Low Cholesterol Levels Associated with Greater Risk of Plasma Cell Neoplasm


Decreased blood serum cholesterol levels were associated with an increased risk of plasma cell neoplasm, although there was no causal association with multiple myeloma.

Doctor talking to patient | Credit: Fotolia

Credit: Fotolia

Results from a prospective cohort study are providing clinicians with an overview of the association between blood serum cholesterol levels and risk of plasma cell neoplasm.

Although findings showed decreased serum total cholesterol, low-density lipoprotein (LDL), high-density lipoprotein (HDL), apolipoprotein A (ApoA), and apolipoprotein B (ApoB) levels were all associated with an increased risk of plasma cell neoplasm, further analysis revealed no causal association with the incidence of multiple myeloma.1

“Although some researchers have indicated there might be a relationship between levels of lipid profiles and hematologic malignancies, studies were mainly focused on the impact of HDL level. Our study was designed to investigate the relationship between various cholesterol metabolism parameters with overall plasma cell neoplasms,” wrote investigators.1

A disease in which the body produces too many plasma cells, plasma cell neoplasm forms tumors in bones and soft tissues and is thought to be caused by antigenic stimulation from infections, chronic disease, radiation, and specific toxic substances. However, the disease’s exact etiology remains unknown and requires further research.2

To assess the association between cholesterol levels and plasma cell neoplasm, Linfeng Li, of West China School of Medicine at Sichuan University, and colleagues examined total cholesterol levels, LDL levels, HDL levels, ApoA, and ApoB as risk factors for plasma cell neoplasms in patients from the UK Biobank, a prospective cohort study involving 502,507 participants aged 40-69 years who were registered with the UK National Health Service in 2006–2010. For inclusion, patients were required to have no record of any prior cancer in national cancer registries except nonmelanoma skin cancer. Those with no serum lipid biomarker assessment or body mass index data were excluded from the study.1

In total, 408,722 participants were enrolled in the study, including 1819 with plasma cell neoplasm. Participants with plasma cell neoplasm were older than noncase participants (62 years of age vs 58 years of age). Additionally, the plasma cell neoplasm group had a greater proportion of male patients compared to the noncase group (55.4% vs 46.3%).1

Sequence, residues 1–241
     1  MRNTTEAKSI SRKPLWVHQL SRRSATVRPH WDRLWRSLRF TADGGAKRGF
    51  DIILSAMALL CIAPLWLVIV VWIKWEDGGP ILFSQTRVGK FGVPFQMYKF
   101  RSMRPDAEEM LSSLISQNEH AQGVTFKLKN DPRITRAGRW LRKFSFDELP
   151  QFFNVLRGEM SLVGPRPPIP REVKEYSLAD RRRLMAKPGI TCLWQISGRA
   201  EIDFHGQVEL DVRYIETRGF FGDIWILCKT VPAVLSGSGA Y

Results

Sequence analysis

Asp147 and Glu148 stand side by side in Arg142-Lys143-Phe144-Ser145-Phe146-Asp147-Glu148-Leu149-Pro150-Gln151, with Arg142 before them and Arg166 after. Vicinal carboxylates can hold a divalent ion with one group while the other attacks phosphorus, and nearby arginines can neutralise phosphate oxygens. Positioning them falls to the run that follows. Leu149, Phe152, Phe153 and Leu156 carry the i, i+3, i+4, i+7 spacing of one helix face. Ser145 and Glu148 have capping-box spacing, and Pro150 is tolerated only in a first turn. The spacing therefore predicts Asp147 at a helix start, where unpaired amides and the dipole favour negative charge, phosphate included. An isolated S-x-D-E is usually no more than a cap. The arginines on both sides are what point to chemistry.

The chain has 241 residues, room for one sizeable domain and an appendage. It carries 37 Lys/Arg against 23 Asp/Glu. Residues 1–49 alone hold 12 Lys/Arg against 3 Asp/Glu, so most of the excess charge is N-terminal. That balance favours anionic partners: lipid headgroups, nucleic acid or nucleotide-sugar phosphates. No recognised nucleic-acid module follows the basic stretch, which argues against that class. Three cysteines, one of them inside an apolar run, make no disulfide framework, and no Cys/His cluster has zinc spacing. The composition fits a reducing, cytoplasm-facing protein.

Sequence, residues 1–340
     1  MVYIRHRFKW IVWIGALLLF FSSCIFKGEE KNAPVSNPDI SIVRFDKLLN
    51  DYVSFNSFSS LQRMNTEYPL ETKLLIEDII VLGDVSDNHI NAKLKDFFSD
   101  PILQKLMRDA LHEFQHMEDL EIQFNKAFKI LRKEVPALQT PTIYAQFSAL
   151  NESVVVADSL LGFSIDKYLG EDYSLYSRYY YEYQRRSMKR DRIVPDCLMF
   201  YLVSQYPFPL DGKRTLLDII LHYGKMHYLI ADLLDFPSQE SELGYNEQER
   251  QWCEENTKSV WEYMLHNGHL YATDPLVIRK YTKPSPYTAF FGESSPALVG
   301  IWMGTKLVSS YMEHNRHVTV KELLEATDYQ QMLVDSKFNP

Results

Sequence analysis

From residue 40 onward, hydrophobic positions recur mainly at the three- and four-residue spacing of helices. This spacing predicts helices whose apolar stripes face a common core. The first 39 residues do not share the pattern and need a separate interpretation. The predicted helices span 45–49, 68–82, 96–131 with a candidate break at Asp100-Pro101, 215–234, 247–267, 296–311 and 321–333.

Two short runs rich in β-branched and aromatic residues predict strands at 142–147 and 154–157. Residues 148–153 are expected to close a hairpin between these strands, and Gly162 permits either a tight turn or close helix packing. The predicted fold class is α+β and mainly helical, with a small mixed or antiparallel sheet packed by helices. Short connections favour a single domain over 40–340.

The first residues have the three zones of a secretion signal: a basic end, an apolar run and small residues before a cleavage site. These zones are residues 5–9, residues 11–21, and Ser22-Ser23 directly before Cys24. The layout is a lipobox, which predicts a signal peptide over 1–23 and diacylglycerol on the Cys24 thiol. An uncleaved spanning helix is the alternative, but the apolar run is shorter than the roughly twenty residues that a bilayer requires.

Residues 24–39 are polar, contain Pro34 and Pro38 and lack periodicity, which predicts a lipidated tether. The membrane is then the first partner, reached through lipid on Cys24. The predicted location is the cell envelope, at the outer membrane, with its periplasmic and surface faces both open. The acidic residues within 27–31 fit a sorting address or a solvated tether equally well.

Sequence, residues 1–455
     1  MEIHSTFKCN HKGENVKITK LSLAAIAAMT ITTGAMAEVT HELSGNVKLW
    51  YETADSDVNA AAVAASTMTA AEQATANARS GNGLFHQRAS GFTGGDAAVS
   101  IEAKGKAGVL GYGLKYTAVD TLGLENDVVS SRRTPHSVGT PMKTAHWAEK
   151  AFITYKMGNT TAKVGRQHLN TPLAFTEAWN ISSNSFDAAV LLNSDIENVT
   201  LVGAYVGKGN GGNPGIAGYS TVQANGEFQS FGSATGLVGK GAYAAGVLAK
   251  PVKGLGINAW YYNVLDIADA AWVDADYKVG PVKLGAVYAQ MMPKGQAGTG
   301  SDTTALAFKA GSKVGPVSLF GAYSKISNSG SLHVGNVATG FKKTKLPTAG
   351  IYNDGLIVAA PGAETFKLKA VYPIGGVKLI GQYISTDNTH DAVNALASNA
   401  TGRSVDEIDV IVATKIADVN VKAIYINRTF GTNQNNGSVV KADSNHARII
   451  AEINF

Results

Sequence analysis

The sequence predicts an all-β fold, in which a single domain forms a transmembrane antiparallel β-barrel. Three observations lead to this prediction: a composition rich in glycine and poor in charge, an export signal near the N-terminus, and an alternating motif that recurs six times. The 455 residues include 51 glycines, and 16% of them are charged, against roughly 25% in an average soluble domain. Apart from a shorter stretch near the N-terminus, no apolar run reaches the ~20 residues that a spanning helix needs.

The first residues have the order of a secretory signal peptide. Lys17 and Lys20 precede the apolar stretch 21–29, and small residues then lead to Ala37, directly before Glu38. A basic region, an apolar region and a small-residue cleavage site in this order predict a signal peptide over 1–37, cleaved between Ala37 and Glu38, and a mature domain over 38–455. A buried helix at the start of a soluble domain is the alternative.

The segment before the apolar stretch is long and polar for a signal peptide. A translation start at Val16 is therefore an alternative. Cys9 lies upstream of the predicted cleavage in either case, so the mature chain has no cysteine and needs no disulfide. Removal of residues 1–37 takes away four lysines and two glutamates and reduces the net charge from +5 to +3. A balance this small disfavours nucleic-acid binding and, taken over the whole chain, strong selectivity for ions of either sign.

Investigators used Cox proportional hazard regression and restricted cubic spline model to determine the relationship between plasma cell neoplasms diagnosis and lipid metabolism indicators, further conducting 2-sample Mendelian randomization to assess if cholesterol level had a causal effect on developing plasma cell neoplasms. Lipid metabolism indicators were the primary exposure variables, and the primary outcome was the first diagnosis of any type of plasma cell neoplasm according to International Classification of Disease 10th Revision codes for multiple myeloma, plasma cell leukemia, plasmacytoma, Waldenstrom's macroglobulinemia, amyloidosis, and monoclonal gammopathies.1

Upon analysis, all lipid profiles examined in the study were inversely associated with plasma cell neoplasm risk (all Ptrend < .005). Total cholesterol, LDL, and ApoB levels showed a linear association with the risk of neoplasms (Pnonlinear > .05), while HDL and ApoA levels showed a nonlinear association (Pnonlinear < .05). After adjusting for covariates, investigators noted greater baseline lipid levels were associated with a decreased risk of plasma cell neoplasms:

  • ApoA (adjusted hazard ratio [aHR], 0.82; 95% confidence interval [CI], 0.71–0.95)
  • ApoB (aHR, 0.67; 95% CI, 0.58–0.77)
  • TC (aHR, 0.71; 95% CI, 0.61–0.82)
  • LDL (aHR, 0.66; 95% CI, 0.64–0.88)
  • HDL (aHR, 0.79; 95% CI, 0.68–0.9)
  • Triglycerides (aHR, 0.92; 95% CI, 0.79–1.07)

Of note, Mendelian randomization-Egger and inverse variance weighted mode did not show any statistical significance for ApoA, HDL, LDL, and total cholesterol levels for a causal association with the incidence of multiple myeloma.1

“In the future, further research on the risk of cancer in the treatment of dyslipidemia should be conducted. Furthermore, more research is required to determine the precise molecular mechanism connecting lipid levels with the carcinogenesis of plasma cell neoplasms,” investigators concluded.1


  1. Li L, Yu Z, Ren J, Niu T. Low cholesterol levels are associated with increasing risk of plasma cell neoplasm: A UK biobank cohort study. Cancer Med. 2023;00:1-12. doi:10.1002/cam4.6649
  2. National Library of Medicine. Plasma Cell Cancer. StatPearls. September 26, 2022. Accessed November 9, 2023. https://www.ncbi.nlm.nih.gov/books/NBK507913/
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